Hemingway is said to have articulated that the first draft of anything is shit.
When it comes to our notions of drafting, especially among indie authors, we need to reconsider the value that drafting has on the writing and creation processes. We need to reconsider the drafting processes, because indie authors often focus on production, quantity, over the creation of quality. This isn’t helped by the “publish or perish” mantra that dominates the entire publishing industry, from the heavy hitters all the way down to the self-published indies publishing on Draft2Digital and tweens writing on Wattpad.
Ihave recently embarked on a journey to draft more, in order to spend less time on throwing out entire projects or giving up on writing entirely. I have killed more trees than I would like to admit, all in the pursuit of crafting something special and something perfect. In other words, I spent much of my writing life spinning my wheels, going nowhere fast or meaningful.
It took a rather deep conversation in the Space Opera: Writers group on Facebook to come to the realization that my writing was plagued by something deeper than not having an evergreen concept. Instead, my problem had been that I wasn’t spending enough time with my projects. I was simply hoping to go from concept to finished product, using the inertia provided by the great writerly muses above. In other words, I was hoping to use the one-shot draft concept, finding that it wasn’t conducive to my creative processes and the projects I had in mind.
In fact, I have found that many indies suffer from the same problem. They just don’t spend time with their writing. For example, I was a beta-reader for a fellow science-fiction writer, and I found that the writer in question needed at least another two or three drafts for the current work. However, this writer didn’t really spend time with the piece being produced. Instead, as stated above, the publish or perish mentality dominated, and the goal was simply to produce something that could be fired down range.
Indies need to realize that what separates their work, often times, from the heavy-hitting professionals comes down to drafting. Most indies I know don’t draft enough, and it shows up in their work. (I will say this about indies, they often care deeply about their craft, but drafting is often ignored — and wrongly so.)
Drafting allows us to spend time with a piece. It’s similar to brewing beer. You don’t brew a good beer in a day. (You can try, but it will probably taste like shit.) Drafting allows the writer to add the necessary layers and details that draw readers into the story. (Aside: I know that even professionals don’t care much about drafting, but it shows up in their writing as well. I’m looking at Fifty Shades of Something.) Moreover, in a world where there is a ton of white noise in the publishing industry, offering readers the very best product and experience is just something that allows indies to stand out from the crowd.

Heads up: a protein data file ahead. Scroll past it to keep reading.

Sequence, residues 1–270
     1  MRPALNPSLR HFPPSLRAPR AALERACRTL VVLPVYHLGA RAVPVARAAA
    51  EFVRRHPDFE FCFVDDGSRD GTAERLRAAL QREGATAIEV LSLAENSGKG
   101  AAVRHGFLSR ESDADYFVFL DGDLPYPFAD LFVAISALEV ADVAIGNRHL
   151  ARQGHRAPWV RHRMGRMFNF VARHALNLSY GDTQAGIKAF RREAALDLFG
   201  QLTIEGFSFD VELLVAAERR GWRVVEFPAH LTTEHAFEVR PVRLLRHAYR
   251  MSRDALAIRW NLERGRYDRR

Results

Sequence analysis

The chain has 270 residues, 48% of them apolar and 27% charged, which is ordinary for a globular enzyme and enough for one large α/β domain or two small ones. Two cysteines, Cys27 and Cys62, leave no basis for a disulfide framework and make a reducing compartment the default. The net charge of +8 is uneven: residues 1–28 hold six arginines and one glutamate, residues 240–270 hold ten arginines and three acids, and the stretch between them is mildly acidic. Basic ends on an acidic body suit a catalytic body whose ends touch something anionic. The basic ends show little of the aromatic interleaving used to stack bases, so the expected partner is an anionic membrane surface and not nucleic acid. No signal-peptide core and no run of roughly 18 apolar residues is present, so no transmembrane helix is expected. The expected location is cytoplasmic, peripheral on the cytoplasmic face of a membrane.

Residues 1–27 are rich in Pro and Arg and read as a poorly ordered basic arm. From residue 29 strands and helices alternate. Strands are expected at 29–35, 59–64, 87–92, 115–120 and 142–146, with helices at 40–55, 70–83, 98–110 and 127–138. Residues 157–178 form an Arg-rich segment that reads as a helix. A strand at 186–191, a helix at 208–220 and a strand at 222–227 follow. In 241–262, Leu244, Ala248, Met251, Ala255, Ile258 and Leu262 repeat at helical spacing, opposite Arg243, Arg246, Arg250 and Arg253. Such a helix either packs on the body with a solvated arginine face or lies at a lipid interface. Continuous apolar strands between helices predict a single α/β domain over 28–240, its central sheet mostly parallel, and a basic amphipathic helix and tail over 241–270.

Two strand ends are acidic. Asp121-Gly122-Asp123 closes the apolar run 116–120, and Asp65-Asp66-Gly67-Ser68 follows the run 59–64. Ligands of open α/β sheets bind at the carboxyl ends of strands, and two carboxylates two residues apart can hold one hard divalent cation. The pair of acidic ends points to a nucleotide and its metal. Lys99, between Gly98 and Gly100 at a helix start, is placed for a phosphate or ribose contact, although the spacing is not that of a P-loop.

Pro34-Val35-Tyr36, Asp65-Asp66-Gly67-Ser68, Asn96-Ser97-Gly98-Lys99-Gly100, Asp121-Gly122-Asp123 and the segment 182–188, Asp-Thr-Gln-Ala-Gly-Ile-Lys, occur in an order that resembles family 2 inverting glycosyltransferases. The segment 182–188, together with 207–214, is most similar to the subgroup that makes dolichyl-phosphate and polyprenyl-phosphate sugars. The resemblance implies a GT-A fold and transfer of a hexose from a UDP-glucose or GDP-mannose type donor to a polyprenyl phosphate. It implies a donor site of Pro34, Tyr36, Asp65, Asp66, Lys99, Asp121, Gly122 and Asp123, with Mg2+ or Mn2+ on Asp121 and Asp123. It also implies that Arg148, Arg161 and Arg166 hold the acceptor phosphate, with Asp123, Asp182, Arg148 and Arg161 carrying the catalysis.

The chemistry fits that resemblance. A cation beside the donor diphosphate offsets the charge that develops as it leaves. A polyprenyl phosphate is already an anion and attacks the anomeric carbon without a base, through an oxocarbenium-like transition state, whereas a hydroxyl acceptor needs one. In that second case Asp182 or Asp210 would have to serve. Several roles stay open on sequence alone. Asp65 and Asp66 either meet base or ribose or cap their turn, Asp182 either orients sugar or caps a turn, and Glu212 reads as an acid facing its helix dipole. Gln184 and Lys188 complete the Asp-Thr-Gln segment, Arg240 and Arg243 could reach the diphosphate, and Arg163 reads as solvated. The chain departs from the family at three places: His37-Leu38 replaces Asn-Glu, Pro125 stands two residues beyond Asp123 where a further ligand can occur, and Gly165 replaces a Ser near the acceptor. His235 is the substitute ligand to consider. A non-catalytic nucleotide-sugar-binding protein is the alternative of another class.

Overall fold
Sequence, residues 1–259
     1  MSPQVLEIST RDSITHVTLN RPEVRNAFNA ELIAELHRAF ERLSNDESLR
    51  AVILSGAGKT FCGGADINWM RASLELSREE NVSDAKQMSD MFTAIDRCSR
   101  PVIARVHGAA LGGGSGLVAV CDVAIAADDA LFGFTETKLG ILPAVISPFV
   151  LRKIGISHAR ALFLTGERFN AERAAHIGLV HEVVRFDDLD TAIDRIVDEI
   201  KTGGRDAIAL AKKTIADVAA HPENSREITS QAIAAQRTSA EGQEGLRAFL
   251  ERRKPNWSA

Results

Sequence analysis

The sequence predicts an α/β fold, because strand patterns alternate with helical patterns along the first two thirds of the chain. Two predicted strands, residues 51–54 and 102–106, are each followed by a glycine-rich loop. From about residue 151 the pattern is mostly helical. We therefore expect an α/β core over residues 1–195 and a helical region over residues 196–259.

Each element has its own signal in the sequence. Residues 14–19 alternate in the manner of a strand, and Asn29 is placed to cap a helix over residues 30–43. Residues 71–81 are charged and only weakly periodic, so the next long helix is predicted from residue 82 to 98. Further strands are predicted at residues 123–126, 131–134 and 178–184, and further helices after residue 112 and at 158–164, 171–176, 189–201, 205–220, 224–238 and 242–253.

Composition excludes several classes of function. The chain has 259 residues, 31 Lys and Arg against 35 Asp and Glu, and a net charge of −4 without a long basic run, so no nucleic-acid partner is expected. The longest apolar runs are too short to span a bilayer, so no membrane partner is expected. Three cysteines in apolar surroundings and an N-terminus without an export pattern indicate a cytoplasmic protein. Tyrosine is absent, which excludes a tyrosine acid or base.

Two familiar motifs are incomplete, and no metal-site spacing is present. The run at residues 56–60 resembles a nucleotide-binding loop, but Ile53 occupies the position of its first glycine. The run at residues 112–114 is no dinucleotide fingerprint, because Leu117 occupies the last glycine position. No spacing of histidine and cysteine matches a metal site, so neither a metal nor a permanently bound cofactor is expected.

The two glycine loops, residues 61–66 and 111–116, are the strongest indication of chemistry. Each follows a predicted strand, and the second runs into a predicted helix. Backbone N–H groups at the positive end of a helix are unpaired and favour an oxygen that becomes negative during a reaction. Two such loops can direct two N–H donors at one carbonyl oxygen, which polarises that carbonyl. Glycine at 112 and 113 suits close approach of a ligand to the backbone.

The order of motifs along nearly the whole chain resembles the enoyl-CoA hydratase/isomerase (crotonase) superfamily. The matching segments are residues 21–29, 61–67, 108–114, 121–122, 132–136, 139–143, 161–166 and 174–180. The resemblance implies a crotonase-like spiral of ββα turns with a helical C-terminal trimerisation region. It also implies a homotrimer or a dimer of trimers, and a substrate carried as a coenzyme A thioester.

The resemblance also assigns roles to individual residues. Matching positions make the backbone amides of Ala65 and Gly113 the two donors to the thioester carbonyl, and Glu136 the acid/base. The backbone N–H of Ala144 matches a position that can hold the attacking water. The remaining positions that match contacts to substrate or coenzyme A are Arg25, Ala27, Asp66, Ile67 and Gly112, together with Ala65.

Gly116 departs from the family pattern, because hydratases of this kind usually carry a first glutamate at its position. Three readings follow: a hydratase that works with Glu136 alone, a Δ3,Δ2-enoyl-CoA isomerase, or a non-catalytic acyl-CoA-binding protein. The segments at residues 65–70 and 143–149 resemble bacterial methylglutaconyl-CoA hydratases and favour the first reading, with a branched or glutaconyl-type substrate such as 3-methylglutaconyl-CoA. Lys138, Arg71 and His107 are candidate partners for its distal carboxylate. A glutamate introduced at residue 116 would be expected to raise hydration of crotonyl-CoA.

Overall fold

One area where indies and professionals are going head-to-head happens to be in the world of Web serials. You can tell when a professional has written a Web serial. It has gone through a few drafting phases. It feels like something the author has spent time on. Indies, on the other hand, are spotty when it comes to the quality of their Web serials. Some feel like the first drafts; they feel as if they’ve just been put on paper or Word document and sent into the Verse, on a hope or a prayer.
The surprising thing about those successful indie authors writing Web serials comes down to their process — particularly drafting. Drafting allows established indies to work and rework their material until it is ready for consumption.
To write my own Web serial, A Protracted Game, I have relied on what I am referring to as a fat outline (see Lind’s YouTube video above). (Aside: My version of the fat outline is a mixture between traditional outlining, the fat outline proposed by Lind, and a zero draft — so it’s all over the place.) The fat outline, to me, is essentially the draft before the first, second, or third drafts have come into existence. In other words, my fat outline (see in the featured image above) has allowed me to figure out where things are headed. After a few revisions, something like four or five in total, I now know who my characters are, what scenes I will have in future installments, and what’s at stake throughout the narrative. And that’s just the beginning!
Myoutline has slowly become something more. It serves both as a roadmap and as a bit of inspiration when I am lost at sea. In other words, my outline offers a helping hand throughout the writing processes. I am never alone, and, the best part, my outline can be molded or modified to change with my needs. (As I stated above, this outline or what you might call a zero draft, came to me over a series of drafts. In fact, I have numbered the drafts between 0 and 0.95.)
Drafting is an important aspect of any writing endeavor. Without it, we flounder, we produce garbage, and, if we’re totally honest, we are living on a prayer when it comes to finishing our projects. Make things surer and use the drafting processes to produce the very best foundations, before you begin writing that great novel you’ve got stuck in your head. You will thank me later — I promise. (Below you will find a link to my very own zero draft/outline/fat outline.)
My zero draft/outline/fat outline. (Please ignore the misspellings and whatnot. Also, if you’re reading my Protracted Game Web serial, don’t look at this unless you want to be apprised of some serious spoilers.)
If you’ve enjoyed this article/essay, please consider joining the conversation below. Thank you for reading!